The most beautiful postcard of Prague, very touristic and crowded, but unmistakable! The bridge is on the front page of the tourist magazines.
The Charles Bridge has become the symbol of the Czech capital all over the world. It is on the front page of tourist magazines, it alone attracts millions of visitors. Why? Why? First of all, because it is reserved for pedestrians and connects the two most charming districts of the city. Because, bordered by dozens of statues, it is a true art and history gallery covering different styles and periods. Finally, because when you cross it you get a superb view of the castle, the river, the city of a hundred bell towers. Unfortunately, only if you can play neck and neck during the day... because the tourist numbers are unspeakable. The best solution, depending on the time of year you visit Prague, may be to walk the cobblestones late in the evening or at sunrise, to fully enjoy the scenery. Between these two privileged moments, attention is rather caught by orchestras, cartoonists, souvenir sellers and hordes of tourists gathering in the best places to make precious selfies. Not exactly the best show the city can offer. So if you are lucky enough to be a little alone on the bridge, here's what to expect: the Charles Bridge is a real open-air museum, both the centre of Prague and the privileged passage between the two shores. Begun in 1357, when Charles IV (King of Bohemia and Emperor of the Romans) entrusted this project to the architect Petr Parler, the construction was completed at the end of the 15th century. The first stone was laid by Charles IV on July 9, 1357 at 5:31 am. All this was not by chance: on that day the conjunction of the Sun and Saturn took place, which, according to medieval astronomy, was the happiest event of the year when Saturn's unfavourable influence was overcome by the Sun. The order of numbers and magic also played their part. The odd-numbered date representing the year, month, hour and minutes can thus be read in both directions! 1357/9/7/5/31. In 1683, following the model of the Pont Saint-Ange in Rome, statues were installed there to illustrate the religious history of the city. Until 1850, the Charles Bridge was the only bridge in Prague.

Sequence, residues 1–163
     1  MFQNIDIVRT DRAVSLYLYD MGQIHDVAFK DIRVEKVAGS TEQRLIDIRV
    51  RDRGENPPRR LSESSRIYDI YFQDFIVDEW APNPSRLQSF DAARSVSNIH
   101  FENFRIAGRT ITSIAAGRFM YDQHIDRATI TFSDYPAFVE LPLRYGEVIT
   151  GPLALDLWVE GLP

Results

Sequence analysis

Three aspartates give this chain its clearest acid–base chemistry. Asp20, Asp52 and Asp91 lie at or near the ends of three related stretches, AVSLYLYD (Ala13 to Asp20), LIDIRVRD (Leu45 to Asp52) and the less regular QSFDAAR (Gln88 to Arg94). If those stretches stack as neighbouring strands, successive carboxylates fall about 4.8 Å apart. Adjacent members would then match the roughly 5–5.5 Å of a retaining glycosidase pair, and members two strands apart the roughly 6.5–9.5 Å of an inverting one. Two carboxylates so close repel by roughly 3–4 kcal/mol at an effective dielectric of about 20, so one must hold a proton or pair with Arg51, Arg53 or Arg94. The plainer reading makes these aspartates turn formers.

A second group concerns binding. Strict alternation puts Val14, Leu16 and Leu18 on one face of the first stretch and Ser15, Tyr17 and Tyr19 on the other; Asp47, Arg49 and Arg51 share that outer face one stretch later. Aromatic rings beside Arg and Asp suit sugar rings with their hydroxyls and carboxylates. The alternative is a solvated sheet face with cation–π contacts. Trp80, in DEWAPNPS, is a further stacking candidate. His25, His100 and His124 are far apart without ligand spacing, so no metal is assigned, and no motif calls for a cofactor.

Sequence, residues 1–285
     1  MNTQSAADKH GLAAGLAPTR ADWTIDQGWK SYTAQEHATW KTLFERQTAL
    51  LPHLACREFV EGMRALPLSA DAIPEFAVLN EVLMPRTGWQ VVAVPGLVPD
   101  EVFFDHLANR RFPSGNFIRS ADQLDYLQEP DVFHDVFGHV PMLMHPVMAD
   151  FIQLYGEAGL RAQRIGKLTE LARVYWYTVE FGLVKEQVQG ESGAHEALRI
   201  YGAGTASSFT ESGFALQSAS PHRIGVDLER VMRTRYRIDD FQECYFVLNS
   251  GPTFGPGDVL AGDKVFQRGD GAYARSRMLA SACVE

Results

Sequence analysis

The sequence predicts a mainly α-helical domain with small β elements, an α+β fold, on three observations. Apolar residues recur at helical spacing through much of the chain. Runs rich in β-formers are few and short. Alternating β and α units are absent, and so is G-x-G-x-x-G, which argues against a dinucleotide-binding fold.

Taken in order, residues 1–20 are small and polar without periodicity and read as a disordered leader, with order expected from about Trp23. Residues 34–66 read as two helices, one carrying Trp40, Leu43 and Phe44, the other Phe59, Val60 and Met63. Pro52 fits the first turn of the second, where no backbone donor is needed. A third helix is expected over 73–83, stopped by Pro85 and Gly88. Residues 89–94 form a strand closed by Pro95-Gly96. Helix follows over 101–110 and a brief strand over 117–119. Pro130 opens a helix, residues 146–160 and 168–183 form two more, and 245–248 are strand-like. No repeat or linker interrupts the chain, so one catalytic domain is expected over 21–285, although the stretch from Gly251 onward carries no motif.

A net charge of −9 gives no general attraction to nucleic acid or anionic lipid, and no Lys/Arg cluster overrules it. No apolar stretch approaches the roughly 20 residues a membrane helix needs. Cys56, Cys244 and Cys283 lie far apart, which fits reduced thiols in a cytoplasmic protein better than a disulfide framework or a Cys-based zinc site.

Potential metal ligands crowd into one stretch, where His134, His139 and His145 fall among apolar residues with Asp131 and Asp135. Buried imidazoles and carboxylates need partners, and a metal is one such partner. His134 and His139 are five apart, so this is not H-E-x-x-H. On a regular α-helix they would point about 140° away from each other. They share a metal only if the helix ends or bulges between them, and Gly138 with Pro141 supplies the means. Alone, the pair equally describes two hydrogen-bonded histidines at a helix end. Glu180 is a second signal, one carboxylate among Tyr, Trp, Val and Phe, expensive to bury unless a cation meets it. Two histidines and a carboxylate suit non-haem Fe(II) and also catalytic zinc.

For centuries, it served as a border post before the unification of Prague in 1784, a place where disputes were settled - criminals and troublemakers were executed there - and finally, it crossed the Royal Way used by the Bohemian kings on their way to the castle. At the beginning of this century, the bridge was still open to tramway and car traffic; it is now open to pedestrians, musicians, vendors and other boaters.
The bridge tower of the old town. It is by passing it from Staré Město that we enter the bridge. It was built on the first pillar, by Petr Parler. The country's coat of arms adorns the town's facade, but does not tell of the bloody events she witnessed. After the Battle of the White Mountain in 1621 and the defeat of the Protestants, the Catholics beheaded the 27 organizers of the uprising - including Jan Jessenius, the rector of the university.
Twelve of these heads were fixed on the tower: six facing the river, the other six facing Saint-Sauveur church. One of them fell, the others remained hung for ten years before being buried in Notre-Dame-de-Týn by Protestant emigrants. The tower was part of the fortifications of the Old City. On the facade, on the side of the Old City, you can see Bohemian saints, Wenceslas IV and Charles IV and the coats of arms of the countries that were part of the crown of the Czech lands during the reign of Charles IV. The tower has sometimes been used as a prison for all those who did not pay their debts; on the walls inside you can see their messages saved until today. If you can, climb the 138 steps that separate you from the top of the tower, you will enjoy the beautiful view of the Old City, the Charles Bridge and Prague Castle. Inside, there is also an exhibition of old musical instruments accompanied by music played in the room.